Ky. clerk won’t issue same-sex marriage licenses

If you’re going to object to issuing same-sex marriage licenses on religious grounds, you probably shouldn’t be the elected official whose job it is to issue marriage licenses. That’s all I can say to a clerk in Kentucky who refuses to issue marriage licenses to same-sex couples.

(Sept 2) — Protestors in support of same sex marriage hold signs in front of the Rowan County Courthouse. Citing a religious objection, Kim Davis, the Rowan County Clerk of Courts, who is an Apostolic Christian, has refused to issue marriage licenses to same-sex couples in defiance of a Supreme Court ruling. (Ty Wright / Getty Images)

Kim Davis, clerk at the Rowan County Courthouse in Morehead, Ky., has said signing her name to a same-sex marriage license would violate her Christian beliefs. “To issue a marriage license which conflicts with God’s definition of marriage, with my name affixed to the certificate, would violate my conscience,” the New York Times quoted her as saying. “I have no animosity toward anyone and harbor no ill will. To me this has never been a gay or lesbian issue. It is about marriage and God’s word.”

What’s God got to do with it? This is a simple matter of a government employee refusing to do the job people elected her to do—and breaking the law—although several people are supportive of her strong stand against gay marriage.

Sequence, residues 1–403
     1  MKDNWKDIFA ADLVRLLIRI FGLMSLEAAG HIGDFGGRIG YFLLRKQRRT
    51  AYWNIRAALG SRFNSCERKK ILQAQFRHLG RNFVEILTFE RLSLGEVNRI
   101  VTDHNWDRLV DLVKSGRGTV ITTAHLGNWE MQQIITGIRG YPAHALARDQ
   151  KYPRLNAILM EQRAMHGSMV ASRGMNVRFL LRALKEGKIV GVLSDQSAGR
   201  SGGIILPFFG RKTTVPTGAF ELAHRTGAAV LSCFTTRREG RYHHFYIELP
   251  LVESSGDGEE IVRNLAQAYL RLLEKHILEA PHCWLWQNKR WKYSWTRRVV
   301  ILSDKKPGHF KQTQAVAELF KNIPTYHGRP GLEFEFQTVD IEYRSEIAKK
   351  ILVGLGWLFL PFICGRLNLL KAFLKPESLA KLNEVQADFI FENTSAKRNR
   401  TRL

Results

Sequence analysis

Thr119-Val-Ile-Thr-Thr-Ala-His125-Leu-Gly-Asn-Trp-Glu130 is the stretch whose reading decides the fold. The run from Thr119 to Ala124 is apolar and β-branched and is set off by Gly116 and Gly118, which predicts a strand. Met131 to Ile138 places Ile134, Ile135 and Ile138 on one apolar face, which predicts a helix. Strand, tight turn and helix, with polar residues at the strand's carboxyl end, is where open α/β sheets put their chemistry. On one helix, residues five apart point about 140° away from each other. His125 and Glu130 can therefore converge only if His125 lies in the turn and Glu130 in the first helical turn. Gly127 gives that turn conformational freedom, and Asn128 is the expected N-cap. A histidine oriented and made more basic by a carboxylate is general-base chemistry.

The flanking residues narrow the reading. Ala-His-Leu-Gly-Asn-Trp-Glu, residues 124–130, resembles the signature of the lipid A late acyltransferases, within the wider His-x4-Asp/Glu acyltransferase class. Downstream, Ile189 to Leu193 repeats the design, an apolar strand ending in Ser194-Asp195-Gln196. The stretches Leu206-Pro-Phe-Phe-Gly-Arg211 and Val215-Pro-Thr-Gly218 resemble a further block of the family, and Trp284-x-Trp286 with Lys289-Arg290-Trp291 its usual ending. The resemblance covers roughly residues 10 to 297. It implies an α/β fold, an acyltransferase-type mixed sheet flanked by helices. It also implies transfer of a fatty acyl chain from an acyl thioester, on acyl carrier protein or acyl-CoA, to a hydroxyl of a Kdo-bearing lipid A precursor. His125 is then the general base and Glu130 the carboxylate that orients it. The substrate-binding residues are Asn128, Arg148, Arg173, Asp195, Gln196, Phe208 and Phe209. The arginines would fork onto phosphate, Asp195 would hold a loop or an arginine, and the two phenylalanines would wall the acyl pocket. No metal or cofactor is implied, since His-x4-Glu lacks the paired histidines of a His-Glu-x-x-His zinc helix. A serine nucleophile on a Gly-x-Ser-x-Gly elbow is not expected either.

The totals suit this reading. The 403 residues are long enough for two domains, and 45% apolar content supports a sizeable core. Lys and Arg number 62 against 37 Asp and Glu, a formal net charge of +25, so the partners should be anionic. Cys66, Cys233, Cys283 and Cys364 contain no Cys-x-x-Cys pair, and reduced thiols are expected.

Take a look at the First Amendment:

Congress shall make no law respecting an establishment of religion, or prohibiting the free exercise thereof; or abridging the freedom of speech, or of the press; or the right of the people peaceably to assemble, and to petition the government for a redress of grievances.

The overall meaning is that the government is specifically prohibited from establishing a state religion. People can believe whatever they want, and the government can’t tell them not to. As an elected official, Ms Davis is part of the government, the very entity the First Amendment is supposed to protect us from. Yet here she is telling people how to establish a set of religious beliefs.

It’s astonishing that it has gone this far. The case is cut and dry to me, but what do you think? I work for the state of Maryland and I don’t think standardized tests are a good idea. But my personal beliefs don’t give me the right not to do my job. Well, I have the “right” not to do my job, but I’ll get fired. Ms Davis needs to be removed from office or step down if her job duties conflict so strongly with her religious beliefs that she can’t perform them.

As a religious person myself, I think this kind of grandstanding makes a mockery of the Christian faith. I’m embarrassed to call myself a Christian when we have fools like Ms Davis polluting the Word of God found in the Gospels with some half-baked idea of what Jesus would think of same-sex marriage (he never expressed an opinion about it, just so you know). To assume you know what he would think or say about it is presumptuousness to the point of blasphemy, I believe, but it is, at the very least, a disqualifying soundbite for a job as a government employee.

About the Author

Paul Katula
Paul Katula is the executive editor of the Voxitatis Research Foundation, which publishes this blog. For more information, see the About page.